Common Tennis Injuries
Cubital Tunnel Syndrome
What is Cubital Tunnel Syndrome?
This is a compressive neuropathy of the ulna nerve as it travels along the inner aspect of your elbow or humerus (“funny bone”). Irritation of this nerve is due to repetitive traction, compression and valgus stress associated with racket sports such as tennis. The compression of the nerve is due to an overlying muscle (flexor carpi ulnaris). It is very rare to develop fractures around the elbow from tennis.
Tennis players with cubital tunnel syndrome may experience pain and numbness over the little finger and half of their ring finger. This unusual distribution of symptoms is due to the ulna nerve innervation of the fingers.
Your orthopaedic surgeon will assess your elbow and ensure your symptoms are due to cubital tunnel syndrome. Symptoms such as a sudden onset of pain accompanied by popping may be due to ulna collateral ligament injuries and are managed differently.
There are small tears over the extensor carpi radialis brevis (ECRB) muscle which helps to stabilise the wrist when the elbow is straight. Microscopic tears form in the tendon of the ECRB as it is attached to the lateral epicondyle.
Your orthopaedic surgeon will investigate the cause of your elbow pain before prescribing the appropriate treatment for you.
Standard X-rays will give an idea of the bone structure of your elbow and to exclude any arthritis of the elbow joint.
An ultrasound scan of the elbow will determine if the ulna nerve is stretched behind the medial epicondyle of the distal humerus as the elbow is extended and flexed. It can also look for compression of the nerve by the overlying Flexor Carpi Ulnaris (FCR) muscle.
What can happen if Cubital Tunnel Syndrome is left untreated?
Neglected cases may deteriorate into more serious injuries that require invasive and protracted treatment. It is best to seek professional help sooner and receive the appropriate care for your injuries.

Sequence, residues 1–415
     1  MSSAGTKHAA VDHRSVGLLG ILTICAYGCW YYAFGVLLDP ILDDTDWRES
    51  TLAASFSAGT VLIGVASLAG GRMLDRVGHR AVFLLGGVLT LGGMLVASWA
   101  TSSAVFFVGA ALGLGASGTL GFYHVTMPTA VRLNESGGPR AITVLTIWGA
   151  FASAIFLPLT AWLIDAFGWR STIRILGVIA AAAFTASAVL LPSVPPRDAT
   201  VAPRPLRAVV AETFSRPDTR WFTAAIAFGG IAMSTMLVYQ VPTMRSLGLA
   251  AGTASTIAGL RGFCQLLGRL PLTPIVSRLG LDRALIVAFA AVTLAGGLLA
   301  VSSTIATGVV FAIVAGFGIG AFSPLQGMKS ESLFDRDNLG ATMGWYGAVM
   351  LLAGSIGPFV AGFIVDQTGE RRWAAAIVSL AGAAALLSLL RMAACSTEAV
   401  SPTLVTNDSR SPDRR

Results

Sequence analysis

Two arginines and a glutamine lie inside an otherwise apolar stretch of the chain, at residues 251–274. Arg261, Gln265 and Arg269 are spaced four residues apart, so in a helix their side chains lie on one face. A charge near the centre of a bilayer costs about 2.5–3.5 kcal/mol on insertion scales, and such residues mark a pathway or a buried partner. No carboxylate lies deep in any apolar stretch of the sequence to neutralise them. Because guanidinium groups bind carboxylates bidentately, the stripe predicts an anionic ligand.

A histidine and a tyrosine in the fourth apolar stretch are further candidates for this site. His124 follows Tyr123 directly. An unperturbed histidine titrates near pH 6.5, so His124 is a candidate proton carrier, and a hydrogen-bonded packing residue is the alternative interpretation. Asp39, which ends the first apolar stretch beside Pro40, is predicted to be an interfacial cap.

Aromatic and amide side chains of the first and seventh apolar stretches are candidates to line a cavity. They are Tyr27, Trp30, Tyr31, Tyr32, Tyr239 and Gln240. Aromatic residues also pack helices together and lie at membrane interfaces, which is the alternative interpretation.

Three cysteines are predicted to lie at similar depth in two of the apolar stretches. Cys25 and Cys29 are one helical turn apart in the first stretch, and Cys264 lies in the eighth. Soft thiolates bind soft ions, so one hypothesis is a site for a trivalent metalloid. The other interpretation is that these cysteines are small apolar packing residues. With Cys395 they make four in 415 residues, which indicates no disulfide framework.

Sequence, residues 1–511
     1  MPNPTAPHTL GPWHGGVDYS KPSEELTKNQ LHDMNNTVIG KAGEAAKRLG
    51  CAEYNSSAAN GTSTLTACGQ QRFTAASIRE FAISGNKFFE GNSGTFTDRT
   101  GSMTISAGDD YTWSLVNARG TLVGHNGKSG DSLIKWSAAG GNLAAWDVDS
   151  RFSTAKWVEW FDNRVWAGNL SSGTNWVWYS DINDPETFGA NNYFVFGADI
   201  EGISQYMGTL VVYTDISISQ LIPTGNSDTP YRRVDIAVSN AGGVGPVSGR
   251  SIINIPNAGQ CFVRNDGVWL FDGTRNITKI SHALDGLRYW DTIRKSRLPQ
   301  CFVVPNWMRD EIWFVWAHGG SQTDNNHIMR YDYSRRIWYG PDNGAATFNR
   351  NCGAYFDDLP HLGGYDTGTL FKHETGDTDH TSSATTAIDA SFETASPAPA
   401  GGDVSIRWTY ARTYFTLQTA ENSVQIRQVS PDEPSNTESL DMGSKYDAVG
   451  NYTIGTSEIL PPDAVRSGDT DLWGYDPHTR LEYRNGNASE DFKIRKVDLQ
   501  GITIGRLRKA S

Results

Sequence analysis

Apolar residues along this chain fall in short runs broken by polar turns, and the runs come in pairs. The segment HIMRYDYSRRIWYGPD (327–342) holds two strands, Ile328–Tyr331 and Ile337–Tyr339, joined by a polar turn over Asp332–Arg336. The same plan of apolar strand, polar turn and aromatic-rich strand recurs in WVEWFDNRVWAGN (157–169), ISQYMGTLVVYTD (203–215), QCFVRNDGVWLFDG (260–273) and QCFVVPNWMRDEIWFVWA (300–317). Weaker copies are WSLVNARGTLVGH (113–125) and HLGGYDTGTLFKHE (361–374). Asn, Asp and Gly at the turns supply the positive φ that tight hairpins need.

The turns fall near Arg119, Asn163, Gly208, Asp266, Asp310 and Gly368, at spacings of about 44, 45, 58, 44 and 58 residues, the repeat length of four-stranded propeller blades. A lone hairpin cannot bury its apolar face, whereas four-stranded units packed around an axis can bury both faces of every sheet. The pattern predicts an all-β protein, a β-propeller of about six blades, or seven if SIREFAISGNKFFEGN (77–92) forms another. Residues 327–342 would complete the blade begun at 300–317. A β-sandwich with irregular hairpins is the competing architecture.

Self-care with adequate rest, icing and anti-inflammatory medication are important measures to take while waiting for professional assessment for your elbow pain.
Splinting the elbow in an extended position at night helps to relieve the tension on the nerve and reduce symptoms.
If symptoms persist despite conservative treatment, surgery may be recommended by your orthopaedic surgeon.
A cubital tunnel decompression and ulna nerve transposition are procedures that are performed to reduce the compressive force on the nerve and to allow the nerve to take a shorter route towards the arm. In the transposition procedure, the nerve is brought forward to the front of the elbow to reduce the extent of its stretch as the elbow moves from extension to flexion. Lesser stretching of the ulnar nerves leads to lesser pain and numbness in the little and ring finger distribution.
It is important not to rush your recovery. Tendon healing takes time and rushing your return to sport may delay your recovery.
Allow some time for the injured tendons and strained forearm muscle to rest and recover. Physiotherapy is also important to stretch out those tense muscles and help in its healing.
What to do now while waiting for diagnosis/treatment?
Take a break from racket sports and other aggravating physical activities.
Make the necessary changes to your work and sports equipment to prevent further injuries.
Do indulge in self-care such as rest, icing and anti-inflammatories to help your inflamed tendons and stress muscles recover.